Adversarial use of otherwise legitimate tools and software may result to the theft of sensitive information, such as employee credentials or compromised customer data.

Once a keylogger infects a computer, it leverages algorithms that monitor keystrokes through pattern recognition or other techniques. The information collected is then sent back to the criminal by “calling back” to them. The amount of information collected vary per keylogger.

As many keyloggers have a rootkit functionality that allows them to hide themselves in the infected system, detecting them is a priority.

How Keyloggers Spread

Keyloggers can be used by criminals to launch man-in-the-middle attacks and intercept information entered via the user’s keyboard. This information can be anything like credit card numbers and PIN codes entered in e-commerce sites, passwords to online apps and services, email addresses, usernames, etc.

The key tactics used by cyber criminals is to lure people into installing malicious code or disclosing personal information. Therefore, phishing campaigns and social engineering attacks are the key methods deployed by adversaries to trick users into downloading keylogging malware.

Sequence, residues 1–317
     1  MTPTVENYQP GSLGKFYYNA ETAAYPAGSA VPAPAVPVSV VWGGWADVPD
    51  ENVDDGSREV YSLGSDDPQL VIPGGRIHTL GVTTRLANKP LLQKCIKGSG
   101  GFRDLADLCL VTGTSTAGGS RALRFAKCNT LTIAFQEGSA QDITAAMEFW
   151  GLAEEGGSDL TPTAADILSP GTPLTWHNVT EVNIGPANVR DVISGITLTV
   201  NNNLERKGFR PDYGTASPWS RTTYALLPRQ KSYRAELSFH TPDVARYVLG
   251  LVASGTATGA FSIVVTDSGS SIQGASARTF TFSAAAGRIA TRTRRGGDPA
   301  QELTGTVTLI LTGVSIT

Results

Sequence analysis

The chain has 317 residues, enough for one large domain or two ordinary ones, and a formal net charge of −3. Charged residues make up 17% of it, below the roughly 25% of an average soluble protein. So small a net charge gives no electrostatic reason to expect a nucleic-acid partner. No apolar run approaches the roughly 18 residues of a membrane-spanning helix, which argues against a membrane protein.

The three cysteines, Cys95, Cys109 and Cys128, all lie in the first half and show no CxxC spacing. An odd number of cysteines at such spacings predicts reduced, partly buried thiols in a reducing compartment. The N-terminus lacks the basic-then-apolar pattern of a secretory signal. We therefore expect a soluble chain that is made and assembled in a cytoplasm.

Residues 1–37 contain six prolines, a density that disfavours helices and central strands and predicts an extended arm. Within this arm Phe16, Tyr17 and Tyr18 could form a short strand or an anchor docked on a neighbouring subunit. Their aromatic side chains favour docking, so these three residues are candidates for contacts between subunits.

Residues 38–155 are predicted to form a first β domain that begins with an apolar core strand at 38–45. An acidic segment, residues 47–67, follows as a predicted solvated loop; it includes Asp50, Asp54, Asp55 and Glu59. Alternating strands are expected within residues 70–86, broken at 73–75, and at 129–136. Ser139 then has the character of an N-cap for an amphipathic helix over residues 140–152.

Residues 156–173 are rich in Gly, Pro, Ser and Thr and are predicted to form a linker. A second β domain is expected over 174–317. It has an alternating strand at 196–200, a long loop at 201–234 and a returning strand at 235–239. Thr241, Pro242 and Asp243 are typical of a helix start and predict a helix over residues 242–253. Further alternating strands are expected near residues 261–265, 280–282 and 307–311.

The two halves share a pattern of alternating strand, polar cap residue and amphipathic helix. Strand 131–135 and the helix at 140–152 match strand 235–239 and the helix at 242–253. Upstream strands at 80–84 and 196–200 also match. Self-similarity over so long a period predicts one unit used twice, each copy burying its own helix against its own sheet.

The most basic forms may only collect the information typed into a single website or application, while more sophisticated ones may record everything a user types in no matter the application, including information they copy and paste.

Variants of keyloggers targeting mobile devices may go even further. They can record and disseminate information such as phone calls, messaging apps data, geolocation information, print screens, and even camera capture.